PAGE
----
AP CEO Tom Curley addressed a conference on war and journalism at the University of Kentucky, “Covering Conflicts in a Modern World.” Curley focused on allowing adequate battlefield access for journalists, both for writers and photojournalists.
As an example of war reporting, Curley showed conference-goers slides of images captured in Afghanistan by AP photographer Julie Jacobson. The images showed the last moments in the life of Lance Corporal Joshua Bernard. Said Curley:
Battlefield images like the one Julie captured are rare and, as you might imagine, their distribution not taken lightly. For more than two weeks AP debated whether to release the image of the mortally wounded soldier. Once we decided that the value of informing the public overrode other concerns, we gave the Pentagon advance notice and personally visited Bernard’s family to let them know.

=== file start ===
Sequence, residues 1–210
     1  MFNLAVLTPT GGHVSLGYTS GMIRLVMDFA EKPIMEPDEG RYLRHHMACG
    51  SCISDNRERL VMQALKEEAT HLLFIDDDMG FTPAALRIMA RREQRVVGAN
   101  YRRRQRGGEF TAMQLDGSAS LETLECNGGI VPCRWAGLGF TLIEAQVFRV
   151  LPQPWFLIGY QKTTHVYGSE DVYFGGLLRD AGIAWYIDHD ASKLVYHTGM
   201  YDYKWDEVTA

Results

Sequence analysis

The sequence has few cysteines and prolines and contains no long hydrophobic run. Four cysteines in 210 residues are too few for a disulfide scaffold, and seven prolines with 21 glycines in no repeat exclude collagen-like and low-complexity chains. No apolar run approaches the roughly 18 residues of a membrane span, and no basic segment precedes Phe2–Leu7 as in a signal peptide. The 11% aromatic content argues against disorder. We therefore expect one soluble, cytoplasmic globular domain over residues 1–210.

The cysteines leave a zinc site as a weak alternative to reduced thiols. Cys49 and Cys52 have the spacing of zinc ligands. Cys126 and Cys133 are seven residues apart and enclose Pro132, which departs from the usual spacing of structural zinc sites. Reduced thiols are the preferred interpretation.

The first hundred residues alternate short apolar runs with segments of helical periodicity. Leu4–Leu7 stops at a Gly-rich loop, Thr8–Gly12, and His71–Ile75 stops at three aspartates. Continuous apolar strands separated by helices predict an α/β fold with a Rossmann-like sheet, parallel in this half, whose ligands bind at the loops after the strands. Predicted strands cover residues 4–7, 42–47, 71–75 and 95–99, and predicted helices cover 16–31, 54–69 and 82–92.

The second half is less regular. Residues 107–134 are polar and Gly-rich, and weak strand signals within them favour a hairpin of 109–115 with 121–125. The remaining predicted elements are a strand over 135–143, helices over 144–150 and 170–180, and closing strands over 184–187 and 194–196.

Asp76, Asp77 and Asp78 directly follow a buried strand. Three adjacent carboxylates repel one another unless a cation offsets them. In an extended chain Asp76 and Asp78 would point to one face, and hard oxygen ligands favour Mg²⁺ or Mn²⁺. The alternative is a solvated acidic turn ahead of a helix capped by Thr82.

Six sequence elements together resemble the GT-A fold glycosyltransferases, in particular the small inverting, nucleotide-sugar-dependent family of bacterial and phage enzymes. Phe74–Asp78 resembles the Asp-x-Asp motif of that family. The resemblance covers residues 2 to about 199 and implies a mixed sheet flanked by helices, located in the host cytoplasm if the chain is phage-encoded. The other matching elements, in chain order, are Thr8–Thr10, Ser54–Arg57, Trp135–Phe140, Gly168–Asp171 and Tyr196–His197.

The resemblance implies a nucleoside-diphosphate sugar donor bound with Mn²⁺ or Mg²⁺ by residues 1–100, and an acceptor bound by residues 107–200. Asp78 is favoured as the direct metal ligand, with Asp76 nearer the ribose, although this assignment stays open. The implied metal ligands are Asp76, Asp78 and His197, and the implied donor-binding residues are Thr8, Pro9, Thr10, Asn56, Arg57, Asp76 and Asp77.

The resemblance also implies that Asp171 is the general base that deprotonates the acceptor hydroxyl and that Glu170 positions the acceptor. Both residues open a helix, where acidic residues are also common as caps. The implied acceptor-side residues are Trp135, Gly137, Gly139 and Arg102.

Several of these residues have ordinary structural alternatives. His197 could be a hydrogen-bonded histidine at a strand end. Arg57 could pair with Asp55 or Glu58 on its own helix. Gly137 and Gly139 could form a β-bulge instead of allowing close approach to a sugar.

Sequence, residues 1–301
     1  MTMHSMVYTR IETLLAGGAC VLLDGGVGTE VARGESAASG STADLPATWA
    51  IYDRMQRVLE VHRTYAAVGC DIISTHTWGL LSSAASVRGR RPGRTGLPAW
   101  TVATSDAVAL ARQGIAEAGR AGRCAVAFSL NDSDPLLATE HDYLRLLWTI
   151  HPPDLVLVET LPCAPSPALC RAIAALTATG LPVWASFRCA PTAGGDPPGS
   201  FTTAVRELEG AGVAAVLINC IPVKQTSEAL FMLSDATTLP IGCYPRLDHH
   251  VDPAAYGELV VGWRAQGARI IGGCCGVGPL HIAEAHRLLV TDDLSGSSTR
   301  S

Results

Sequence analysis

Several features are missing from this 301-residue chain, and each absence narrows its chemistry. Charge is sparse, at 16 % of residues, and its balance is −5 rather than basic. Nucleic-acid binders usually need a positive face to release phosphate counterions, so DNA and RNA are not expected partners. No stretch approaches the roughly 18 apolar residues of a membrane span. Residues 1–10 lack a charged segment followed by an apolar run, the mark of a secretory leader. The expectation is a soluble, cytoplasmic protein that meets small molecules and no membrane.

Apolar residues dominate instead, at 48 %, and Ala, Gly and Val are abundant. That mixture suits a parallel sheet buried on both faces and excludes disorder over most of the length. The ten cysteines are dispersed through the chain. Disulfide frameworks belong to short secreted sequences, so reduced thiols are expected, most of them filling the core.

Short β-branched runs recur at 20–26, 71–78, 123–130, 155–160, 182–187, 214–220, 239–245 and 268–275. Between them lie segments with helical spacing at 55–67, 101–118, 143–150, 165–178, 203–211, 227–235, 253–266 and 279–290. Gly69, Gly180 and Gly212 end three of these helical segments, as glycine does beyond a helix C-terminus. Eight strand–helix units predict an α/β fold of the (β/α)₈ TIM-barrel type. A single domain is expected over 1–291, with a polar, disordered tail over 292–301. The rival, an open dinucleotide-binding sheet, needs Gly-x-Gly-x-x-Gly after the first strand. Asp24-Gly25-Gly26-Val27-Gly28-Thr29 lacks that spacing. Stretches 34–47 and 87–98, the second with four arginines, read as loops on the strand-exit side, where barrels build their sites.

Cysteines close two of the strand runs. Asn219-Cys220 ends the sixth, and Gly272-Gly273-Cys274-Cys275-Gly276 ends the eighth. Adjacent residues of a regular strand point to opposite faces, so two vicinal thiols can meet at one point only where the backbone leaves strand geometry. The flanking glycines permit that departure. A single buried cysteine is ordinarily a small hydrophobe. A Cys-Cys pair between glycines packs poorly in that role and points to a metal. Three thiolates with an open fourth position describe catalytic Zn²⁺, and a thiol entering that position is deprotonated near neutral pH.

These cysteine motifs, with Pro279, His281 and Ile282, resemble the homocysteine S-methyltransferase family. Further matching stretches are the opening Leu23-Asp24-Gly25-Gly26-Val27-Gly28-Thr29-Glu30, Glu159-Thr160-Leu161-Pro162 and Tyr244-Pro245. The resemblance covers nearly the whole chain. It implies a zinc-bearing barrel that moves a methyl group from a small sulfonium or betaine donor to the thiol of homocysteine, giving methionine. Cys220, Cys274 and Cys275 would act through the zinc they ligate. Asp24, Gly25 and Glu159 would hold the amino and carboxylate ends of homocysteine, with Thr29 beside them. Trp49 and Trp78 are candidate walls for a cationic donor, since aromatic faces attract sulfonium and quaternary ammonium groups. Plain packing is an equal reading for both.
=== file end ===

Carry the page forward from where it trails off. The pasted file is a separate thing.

We did not release the image as a single image, but put it into context with the other photos you just saw. We also ran a package of stories and an extensive explanation of the reasons behind our decision to move the photos. In Julie’s journal, which we also released, she wrote:
“To ignore a moment like that simply would have been wrong. I was recording his impending death, just as I had recorded his life moments before, walking the point in the bazaar. Death is a part of life and most certainly a part of war. Isn’t that why we’re here? To document for now and for history the events of war?”
Curley gave other examples of stellar reporting and images by AP staff and made mention of the constant danger and obstacles his reporters face on and off the battlefield when it comes to covering war, including the “lack of clear battle lines.”
Curley ended his speech by saying that this, covering the current fighting overseas, is something the AP spends more money on than any other project because, he believes, it is the “most important thing” they do.
For a full transcript of Curley’s speech, click here.